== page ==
Go Down

Topic: Minimum start-up time (Read 678 times) previous topic - next topic

ProfePaco

Hi:

I am planning to design a infrared controller. Each time that a button is pushed the Arduino will be powered on and an input will be send to it.

Therefore, I need to know how much time the microprocessor needs to be ready to process inputs (to execute a program).

I will use an Arduino nano or an Attiny85.

Thanks in advance.

Coding Badly

#1
Dec 31, 2011, 08:17 pm Last Edit: Dec 31, 2011, 08:18 pm by Coding Badly Reason: 1

The biggest delay is from a bootloader.  

Assuming the processor does not have a bootloader ... The processor will be ready for business before your brain has time to send a signal to your hand to release the button.

The latest optiboot is very efficient at getting the application started.   I suspect, even with it installed, the processor will be ready for business long before you are.

But, it is fairly easy to test.  Essentially, you would be building a JEOPARDY! button.  You versus the processor.   :D

smeezekitty

IMO, Starting the MCU every time is a poor idea.
The amount of time required for startup depends on the startup fuses programmed.
The lowest setting is no delay so all there is - is 1-2ms of overhead. This setting is not recommended because it gives it very little time to stabilize.
The next setting is 4 ms + 1-2ms overhead. It takes about 5-6 ms to startup.
The longest setting is 64ms + 1-2ms overhead. Total startup 65-66ms. This is usually the default.

Fuse calculator is here: http://www.engbedded.com/fusecalc/
Avoid throwing electronics out as you or someone else might need them for parts or use.
Solid state rectifiers are the only REAL rectifiers.
Resistors for LEDS!

ProfePaco

OK, thanks both, so no problem with delay.


IMO, Starting the MCU every time is a poor idea.


I thought this is the way what a remote control works...  

smeezekitty

Normally you would run it in IDLE mode which reduces the power consumption to a very tiny amount but it is waken by an interrupt (which can be a pin change).
Avoid throwing electronics out as you or someone else might need them for parts or use.
Solid state rectifiers are the only REAL rectifiers.
Resistors for LEDS!

CrossRoads

Even better is to use any key press to create an interrupt to wake the processor from power down sleep mode, it reads the keypad, sends the button, goes back to sleep.

Can use a 8MHz promini running off 3.7V Lipo battery, or wire up a bare minimum board to do the same.
Add your IR transmitter where I have the RF transmitter.
Designing & building electrical circuits for over 25 years.  Screw Shield for Mega/Due/Uno,  Bobuino with ATMega1284P, & other '328P & '1284P creations & offerings at  my website.

putyn

what its the purpose of the diods :D ?

smeezekitty


what its the purpose of the diods :D ?

I assume to use one interrupt line without short circuiting the buttons together :)
Avoid throwing electronics out as you or someone else might need them for parts or use.
Solid state rectifiers are the only REAL rectifiers.
Resistors for LEDS!

CrossRoads

#8
Jan 02, 2012, 12:53 am Last Edit: Jan 02, 2012, 12:56 am by CrossRoads Reason: 1
Yes. Any button in a row pulls that cathode low to create the interrupt.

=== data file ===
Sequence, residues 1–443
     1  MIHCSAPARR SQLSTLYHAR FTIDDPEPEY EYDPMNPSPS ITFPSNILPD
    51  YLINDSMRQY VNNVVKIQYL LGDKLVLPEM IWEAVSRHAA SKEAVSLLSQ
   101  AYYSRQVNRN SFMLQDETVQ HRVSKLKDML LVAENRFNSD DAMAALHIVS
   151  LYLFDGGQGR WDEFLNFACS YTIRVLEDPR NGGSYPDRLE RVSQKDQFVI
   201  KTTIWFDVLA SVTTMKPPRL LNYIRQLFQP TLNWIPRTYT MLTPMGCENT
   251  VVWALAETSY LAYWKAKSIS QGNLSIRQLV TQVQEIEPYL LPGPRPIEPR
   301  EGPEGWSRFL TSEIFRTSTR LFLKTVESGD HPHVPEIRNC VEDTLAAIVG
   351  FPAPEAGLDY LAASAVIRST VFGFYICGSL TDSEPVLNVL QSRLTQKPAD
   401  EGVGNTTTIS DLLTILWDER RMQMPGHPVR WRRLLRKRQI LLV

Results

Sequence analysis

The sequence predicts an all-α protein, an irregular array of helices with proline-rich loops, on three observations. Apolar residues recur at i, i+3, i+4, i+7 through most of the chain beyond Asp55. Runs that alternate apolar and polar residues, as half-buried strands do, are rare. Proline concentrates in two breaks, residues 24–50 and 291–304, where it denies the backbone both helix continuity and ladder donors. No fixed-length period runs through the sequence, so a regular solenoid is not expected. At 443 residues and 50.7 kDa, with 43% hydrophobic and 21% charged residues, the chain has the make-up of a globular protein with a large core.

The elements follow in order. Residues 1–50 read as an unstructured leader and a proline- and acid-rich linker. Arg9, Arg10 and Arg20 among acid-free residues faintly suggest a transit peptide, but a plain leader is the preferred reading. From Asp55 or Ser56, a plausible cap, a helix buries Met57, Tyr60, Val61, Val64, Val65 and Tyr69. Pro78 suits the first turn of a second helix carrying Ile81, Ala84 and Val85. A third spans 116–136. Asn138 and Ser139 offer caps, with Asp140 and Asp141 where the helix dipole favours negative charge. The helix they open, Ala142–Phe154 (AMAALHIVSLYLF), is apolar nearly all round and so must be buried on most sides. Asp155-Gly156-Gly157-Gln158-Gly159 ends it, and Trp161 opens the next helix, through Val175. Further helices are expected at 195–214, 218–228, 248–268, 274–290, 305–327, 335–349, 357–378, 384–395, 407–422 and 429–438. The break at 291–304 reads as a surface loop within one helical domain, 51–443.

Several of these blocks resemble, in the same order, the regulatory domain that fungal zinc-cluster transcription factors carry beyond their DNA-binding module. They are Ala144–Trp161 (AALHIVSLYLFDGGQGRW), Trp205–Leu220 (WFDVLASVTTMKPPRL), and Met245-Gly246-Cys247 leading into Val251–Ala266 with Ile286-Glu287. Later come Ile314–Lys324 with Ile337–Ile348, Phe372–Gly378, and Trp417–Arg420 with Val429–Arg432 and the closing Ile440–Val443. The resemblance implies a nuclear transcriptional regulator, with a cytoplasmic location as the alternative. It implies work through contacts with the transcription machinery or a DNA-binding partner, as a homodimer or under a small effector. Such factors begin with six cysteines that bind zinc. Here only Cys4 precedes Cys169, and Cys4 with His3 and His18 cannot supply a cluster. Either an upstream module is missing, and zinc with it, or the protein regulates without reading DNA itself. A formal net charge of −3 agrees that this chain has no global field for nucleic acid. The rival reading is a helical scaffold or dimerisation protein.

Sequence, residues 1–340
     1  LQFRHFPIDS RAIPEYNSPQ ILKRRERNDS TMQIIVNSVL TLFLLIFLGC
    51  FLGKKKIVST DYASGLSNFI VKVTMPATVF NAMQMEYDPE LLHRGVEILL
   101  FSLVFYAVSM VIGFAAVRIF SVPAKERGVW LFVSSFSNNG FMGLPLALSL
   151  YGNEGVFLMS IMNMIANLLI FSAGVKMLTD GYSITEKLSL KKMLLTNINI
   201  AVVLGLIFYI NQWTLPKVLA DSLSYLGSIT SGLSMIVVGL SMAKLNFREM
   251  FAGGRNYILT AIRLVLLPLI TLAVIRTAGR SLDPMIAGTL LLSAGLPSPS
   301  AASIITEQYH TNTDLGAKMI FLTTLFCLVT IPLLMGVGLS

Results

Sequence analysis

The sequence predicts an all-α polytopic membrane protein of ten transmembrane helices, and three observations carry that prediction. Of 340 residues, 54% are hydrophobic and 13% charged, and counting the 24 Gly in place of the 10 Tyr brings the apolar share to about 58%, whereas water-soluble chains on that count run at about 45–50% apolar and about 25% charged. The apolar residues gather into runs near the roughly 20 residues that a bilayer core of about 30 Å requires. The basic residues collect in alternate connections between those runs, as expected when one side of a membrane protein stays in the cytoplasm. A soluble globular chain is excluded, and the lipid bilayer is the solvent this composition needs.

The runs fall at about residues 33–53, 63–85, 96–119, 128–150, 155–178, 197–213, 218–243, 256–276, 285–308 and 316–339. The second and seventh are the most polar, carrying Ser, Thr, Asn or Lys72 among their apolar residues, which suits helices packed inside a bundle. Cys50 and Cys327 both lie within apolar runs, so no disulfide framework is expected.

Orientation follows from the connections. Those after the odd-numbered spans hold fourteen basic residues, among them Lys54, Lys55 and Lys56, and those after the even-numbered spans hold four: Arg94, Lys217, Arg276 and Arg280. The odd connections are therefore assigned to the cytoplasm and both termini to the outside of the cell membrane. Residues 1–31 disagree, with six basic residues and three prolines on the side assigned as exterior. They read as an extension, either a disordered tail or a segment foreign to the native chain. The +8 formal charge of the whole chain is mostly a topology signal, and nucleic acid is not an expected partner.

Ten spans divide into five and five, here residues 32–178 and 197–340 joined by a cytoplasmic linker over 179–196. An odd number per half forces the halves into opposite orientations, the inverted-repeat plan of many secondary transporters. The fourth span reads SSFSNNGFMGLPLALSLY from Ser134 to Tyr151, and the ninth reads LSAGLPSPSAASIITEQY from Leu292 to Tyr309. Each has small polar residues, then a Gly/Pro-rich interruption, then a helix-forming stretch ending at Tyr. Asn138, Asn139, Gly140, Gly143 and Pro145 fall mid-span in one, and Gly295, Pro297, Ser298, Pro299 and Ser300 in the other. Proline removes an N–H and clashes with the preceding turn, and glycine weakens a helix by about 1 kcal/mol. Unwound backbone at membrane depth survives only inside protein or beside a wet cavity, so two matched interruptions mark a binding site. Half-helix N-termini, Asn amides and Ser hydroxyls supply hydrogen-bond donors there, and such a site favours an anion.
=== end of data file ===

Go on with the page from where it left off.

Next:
Tricky part was discovering that the keypad library left the columns pin High when sleep was entered, I had to drive them low when sleep was entered, then back high to read the keypress after the interrupt:
Code: [Select]

void loop()
{
  if (sleep_count>1000){                      // check if we should go to sleep because of "time" --> Try shorter versions of this
    sleep_count=0;                           // turn it off for when we wake up
//    Serial.println("Sleep");               // for debug only
                                             // set the columns low before sleeping, otherwise Keypad leaves them high and Rows have nothing to pull low.
    digitalWrite(7, LOW);
    digitalWrite(8, LOW);
    digitalWrite(9, LOW);
    digitalWrite(10, LOW);   
    delay(100);                               // need this?
    enterSleep();                             // call Sleep function to put us out
   
                                              //  THE PROGRAM CONTINUEs FROM HERE after waking up in enterSleep()
  }                                           // end of checking to go to sleep


Code: [Select]

//***************************************************
// *  Name:        enterSleep
void enterSleep()
{
 /* Setup pin2 as an interrupt and attach handler. */
 attachInterrupt(0, pin2Interrupt, LOW);
 delay(50); // need this?
 /* the sleep modes
  SLEEP_MODE_IDLE - the least power savings
  SLEEP_MODE_ADC
  SLEEP_MODE_PWR_SAVE
  SLEEP_MODE_STANDBY
  SLEEP_MODE_PWR_DOWN - the most power savings
  */
 set_sleep_mode(SLEEP_MODE_PWR_DOWN);  // setting up for sleep ...
 sleep_enable();                       // setting up for sleep ...

   // Disable ADC
 ADCSRA &= ~(1 << ADEN);

 // Power down functions
 PRR = 0xFF;

 sleep_mode();                         // now goes to Sleep and waits for the interrupt

 /* The program will continue from here after the interrupt. */
 detachInterrupt(0);                 //disable interrupts while we get ready to read the keypad
 
   // Power up functions
 PRR = 0x00;

/* First thing to do is disable sleep. */
 sleep_disable();

 // set all the keypad columns back high so can read keypad presses again
 digitalWrite(7, HIGH);
 digitalWrite(8, HIGH);
 digitalWrite(9, HIGH);
 digitalWrite(10, HIGH);
 // then go to the void Loop()
}


Designing & building electrical circuits for over 25 years.  Screw Shield for Mega/Due/Uno,  Bobuino with ATMega1284P, & other '328P & '1284P creations & offerings at  my website.

Go Up